It's trash day. I am awakened at 4:00a.m. by the piercing screech of metal grinding on metal. I don't need to look out the window. I know that the sound emanates from the rickety metal cart used by the wizened old man who roams the cul-de-sacs of my neighborhood every Monday night, gleaning treasure from the trash of others. Black trash bags, stuffed to capacity, hang off the sides of his cart like tumors on a skinny dog.
I rise, let my own well-fed dog out into the backyard, feed the cats, then wander out front to turn on the sprinkler. By now the little man, who does not quite reach five feet in stature, has made it around the cul-de-sac, and I wave to him as he crab walks past, dragging the heavy cart behind him. I never put my trash cans out at the curb until he is gone. It's not that I begrudge him my recyclables. I have witnessed him on many occasions tear open the kitchen trash bags in my neighbors' garbage cans, sifting through god-knows-what in search of an aluminum can, a plastic bottle, any small thing with re-sale value. I am not willing to share that level of intimacy with him.
And anyway, I save my plastic one-liter Evian bottles separately. (Yes, I spend the money for Evian. No, it doesn't taste the same as filtered tap water and no, water is not water. Ask a hydro-geologist. Don't get me started.) When I moved in a year and a half ago, Grumpy Bob next door asked me to save my plastic bottles for him after I caught him rifling through my trash cans. I told him I certainly would. And I have.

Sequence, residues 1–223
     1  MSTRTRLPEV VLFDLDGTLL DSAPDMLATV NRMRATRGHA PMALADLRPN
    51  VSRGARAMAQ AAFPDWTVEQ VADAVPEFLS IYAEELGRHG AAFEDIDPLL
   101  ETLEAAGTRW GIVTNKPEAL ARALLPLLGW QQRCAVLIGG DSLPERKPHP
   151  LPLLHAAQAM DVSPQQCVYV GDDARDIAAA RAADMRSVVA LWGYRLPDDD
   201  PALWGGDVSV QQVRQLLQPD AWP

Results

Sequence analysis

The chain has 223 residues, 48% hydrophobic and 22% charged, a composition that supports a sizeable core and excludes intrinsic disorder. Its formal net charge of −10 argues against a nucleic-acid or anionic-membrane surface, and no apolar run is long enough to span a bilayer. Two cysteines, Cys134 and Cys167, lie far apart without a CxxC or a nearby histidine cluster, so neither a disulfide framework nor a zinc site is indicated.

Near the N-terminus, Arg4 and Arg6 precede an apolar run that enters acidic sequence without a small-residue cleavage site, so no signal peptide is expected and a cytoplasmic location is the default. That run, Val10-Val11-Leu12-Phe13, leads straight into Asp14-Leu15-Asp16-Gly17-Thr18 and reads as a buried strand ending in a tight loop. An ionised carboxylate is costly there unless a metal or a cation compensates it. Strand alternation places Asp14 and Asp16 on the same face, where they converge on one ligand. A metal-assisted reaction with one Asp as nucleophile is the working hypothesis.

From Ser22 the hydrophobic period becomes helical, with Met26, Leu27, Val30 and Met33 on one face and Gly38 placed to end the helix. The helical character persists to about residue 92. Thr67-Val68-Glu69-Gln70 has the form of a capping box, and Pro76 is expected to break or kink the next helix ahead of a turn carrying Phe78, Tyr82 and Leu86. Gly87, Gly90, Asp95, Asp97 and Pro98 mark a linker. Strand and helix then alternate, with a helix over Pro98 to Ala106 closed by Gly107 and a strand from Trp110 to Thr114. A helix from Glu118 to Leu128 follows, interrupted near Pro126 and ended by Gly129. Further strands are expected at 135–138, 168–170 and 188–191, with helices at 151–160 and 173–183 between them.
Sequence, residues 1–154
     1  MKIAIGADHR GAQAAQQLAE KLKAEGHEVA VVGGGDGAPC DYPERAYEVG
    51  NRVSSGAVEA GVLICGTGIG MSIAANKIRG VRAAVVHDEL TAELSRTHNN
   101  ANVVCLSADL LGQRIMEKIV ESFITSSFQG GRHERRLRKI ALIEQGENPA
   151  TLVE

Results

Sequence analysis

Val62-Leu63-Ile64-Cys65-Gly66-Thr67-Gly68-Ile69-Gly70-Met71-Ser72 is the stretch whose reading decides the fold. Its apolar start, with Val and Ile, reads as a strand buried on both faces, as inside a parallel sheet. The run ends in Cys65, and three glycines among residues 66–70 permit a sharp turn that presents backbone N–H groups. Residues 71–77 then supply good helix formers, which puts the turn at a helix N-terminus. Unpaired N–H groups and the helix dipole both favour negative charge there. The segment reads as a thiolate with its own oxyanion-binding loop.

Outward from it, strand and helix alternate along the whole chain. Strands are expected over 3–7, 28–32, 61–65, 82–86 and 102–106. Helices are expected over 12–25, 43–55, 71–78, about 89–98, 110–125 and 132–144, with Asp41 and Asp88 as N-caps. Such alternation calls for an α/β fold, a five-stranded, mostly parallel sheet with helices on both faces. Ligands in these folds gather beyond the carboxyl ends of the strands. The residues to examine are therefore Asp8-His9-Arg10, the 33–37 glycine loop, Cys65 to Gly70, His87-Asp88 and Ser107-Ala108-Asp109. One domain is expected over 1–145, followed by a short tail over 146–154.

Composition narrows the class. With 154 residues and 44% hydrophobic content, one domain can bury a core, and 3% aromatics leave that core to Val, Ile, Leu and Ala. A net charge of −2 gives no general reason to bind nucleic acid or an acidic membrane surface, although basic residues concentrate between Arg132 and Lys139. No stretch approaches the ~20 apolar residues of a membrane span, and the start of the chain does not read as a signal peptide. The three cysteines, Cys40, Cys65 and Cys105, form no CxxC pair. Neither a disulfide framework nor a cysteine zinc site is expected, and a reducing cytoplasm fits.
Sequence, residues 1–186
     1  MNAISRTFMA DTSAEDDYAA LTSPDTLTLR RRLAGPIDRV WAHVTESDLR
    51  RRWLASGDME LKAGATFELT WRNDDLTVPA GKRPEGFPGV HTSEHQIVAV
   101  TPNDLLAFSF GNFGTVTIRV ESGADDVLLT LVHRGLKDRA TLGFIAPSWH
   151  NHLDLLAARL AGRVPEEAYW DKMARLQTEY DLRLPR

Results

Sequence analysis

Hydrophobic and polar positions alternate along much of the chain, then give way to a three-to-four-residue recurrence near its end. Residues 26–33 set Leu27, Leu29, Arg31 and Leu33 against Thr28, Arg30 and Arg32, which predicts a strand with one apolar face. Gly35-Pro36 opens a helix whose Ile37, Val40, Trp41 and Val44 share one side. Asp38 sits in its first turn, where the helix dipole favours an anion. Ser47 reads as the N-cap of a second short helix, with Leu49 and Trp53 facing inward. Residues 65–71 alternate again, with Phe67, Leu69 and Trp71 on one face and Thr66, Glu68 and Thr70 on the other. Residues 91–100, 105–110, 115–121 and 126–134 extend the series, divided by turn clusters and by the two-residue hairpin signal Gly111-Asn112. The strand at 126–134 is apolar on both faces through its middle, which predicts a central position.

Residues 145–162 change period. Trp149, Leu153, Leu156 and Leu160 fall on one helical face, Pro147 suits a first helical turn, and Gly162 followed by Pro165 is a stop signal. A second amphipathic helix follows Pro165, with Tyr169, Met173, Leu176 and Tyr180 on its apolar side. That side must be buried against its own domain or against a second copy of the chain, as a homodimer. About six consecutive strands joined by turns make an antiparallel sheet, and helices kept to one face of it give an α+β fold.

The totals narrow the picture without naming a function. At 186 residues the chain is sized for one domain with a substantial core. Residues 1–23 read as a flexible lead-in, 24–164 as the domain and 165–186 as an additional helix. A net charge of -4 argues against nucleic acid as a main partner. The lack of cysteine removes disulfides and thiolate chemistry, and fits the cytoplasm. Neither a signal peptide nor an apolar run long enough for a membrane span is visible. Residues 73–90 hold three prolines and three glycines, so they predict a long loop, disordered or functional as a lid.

But this morning, I give them away. There is another scavenger who comes through the neighborhood on trash day. This one is a woman, as small and wrinkled as the old man. I want to say that she is old but when I see her up close, I realize we are probably about the same age. I am a vibrant, athletic sixty-year-old who will later walk her pampered dog around these cul-de-sacs at a brisk pace. Although the physical maladies are starting to pile up, I am confident that I will live another twenty or thirty years quite comfortably, thanks to the good health care provided by my good job which I obtained with my good education.
I wonder at the longevity of this woman, though, as I see her, like the little old man, tear open trash bags with her bare hands, scrounging through toxic waste to eke out a living. Some would find her labor disgusting. I find it humbling.
As I note the full apron she wears which covers the front of her shirt and her pants down to the knees, its floral pattern edged with old fashioned rick-rack, I am reminded of my grandmother whose first job upon coming to Los Angeles was as a dishwasher in a bar. Holding my Trader Joe's stamped paper bag filled with empty plastic bottles, I shuffle quickly across the street in the gray dawn light. I tell her good morning, offering the bag and asking, "Are you looking for bottles?" though I well know the answer.
"Sì," she says in Spanish, taking the bag. "Thank you!" in English, and her entire face glows with the brightness of her straight, white teeth. Her voice is warm with gratitude, and it resonates with me as I walk back across the street to enjoy another cup of tea before heading out to walk the dog.